America's Play for Pacific Prosperity

By Walter Russell Mead

While the world has been obsessing over America's decline and its supposedly foolish interventions in the Middle East, the United States has quietly established a bipartisan Asia policy that may well be as influential on that continent as the Marshall Plan and NATO were in Europe.

At its core, the policy encourages Asian powers to get rich by participating in the most open trading system in the history of the world. In exchange for commitments to abide by that system's rules, countries such as India, Vietnam, Indonesia and China would have the opportunity to industrialize and to help shape the future of the global economy.

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To some, this might appear like reckless philanthropy. Why should the U.S. facilitate the rise of powers that might one day become dangerous rivals? There are two underlying calculations.

The first is that countries busy getting rich are unlikely to seek to overturn an international system that facilitates their prosperity. This was the case with both Germany and Japan after World War II, and the U.S. hopes the same will be true for India and China.

The second calculation is that as countries deepen their participation in the global system, they become increasingly dependent on it. Hitler and Tojo learned the hard way what it meant to fight major wars without secure access to the resources and capital required.

The more China trades in world markets, then, the more hostages it places in American hands. China's domestic economy, overseas investments, energy resources and raw material supplies-and, therefore, its political stability-all depend on its continued access to the world's sea lanes.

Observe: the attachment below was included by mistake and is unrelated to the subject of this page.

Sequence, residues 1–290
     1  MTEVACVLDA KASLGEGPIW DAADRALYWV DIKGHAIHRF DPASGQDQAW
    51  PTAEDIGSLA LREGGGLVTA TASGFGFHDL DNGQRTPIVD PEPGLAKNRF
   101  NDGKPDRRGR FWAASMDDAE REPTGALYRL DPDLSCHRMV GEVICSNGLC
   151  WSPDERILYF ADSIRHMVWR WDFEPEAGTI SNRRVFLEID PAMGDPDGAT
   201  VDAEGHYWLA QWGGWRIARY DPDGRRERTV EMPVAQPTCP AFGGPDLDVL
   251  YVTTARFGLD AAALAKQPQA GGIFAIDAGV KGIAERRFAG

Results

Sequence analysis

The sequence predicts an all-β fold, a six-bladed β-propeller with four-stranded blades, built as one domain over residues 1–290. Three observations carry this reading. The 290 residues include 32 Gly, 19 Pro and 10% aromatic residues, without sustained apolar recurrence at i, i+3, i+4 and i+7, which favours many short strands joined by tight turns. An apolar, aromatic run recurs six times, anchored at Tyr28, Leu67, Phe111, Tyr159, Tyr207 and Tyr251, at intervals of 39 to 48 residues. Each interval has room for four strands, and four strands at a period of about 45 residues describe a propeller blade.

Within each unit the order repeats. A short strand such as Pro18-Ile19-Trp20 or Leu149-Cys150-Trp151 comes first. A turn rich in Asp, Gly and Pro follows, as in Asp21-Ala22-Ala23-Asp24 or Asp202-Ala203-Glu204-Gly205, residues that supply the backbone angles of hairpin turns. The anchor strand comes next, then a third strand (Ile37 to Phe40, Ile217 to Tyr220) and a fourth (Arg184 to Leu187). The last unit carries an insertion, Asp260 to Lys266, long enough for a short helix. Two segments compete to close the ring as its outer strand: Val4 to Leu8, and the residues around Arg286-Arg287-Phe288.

Moreover, the U.S. faces something different in Asia than the "inexorable rise of China" described by so many analysts. Consider a historical analogy. Germany in 1910 was a single rising power in a neighborhood of decline populated by France, Austria-Hungary, Russia and the Ottoman Empire. That was an inherently unstable balance of power. In Asia today, China is not a single rising power in a continent of decline.

Japan may not be going from strength to strength, but India, Vietnam, South Korea and many of their neighbors are industrializing and growing rapidly thanks to their participation in the global system. U.S. policy in Asia is built on the understanding that investing in this new balance of power can reduce any challenge a stronger China might otherwise pose.

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Mr. Mead is a professor of foreign affairs and humanities at Bard College and editor-at-large of the American Interest.This article originally appeared in the Wall Street Journal and has been reprinted with the author's permission.

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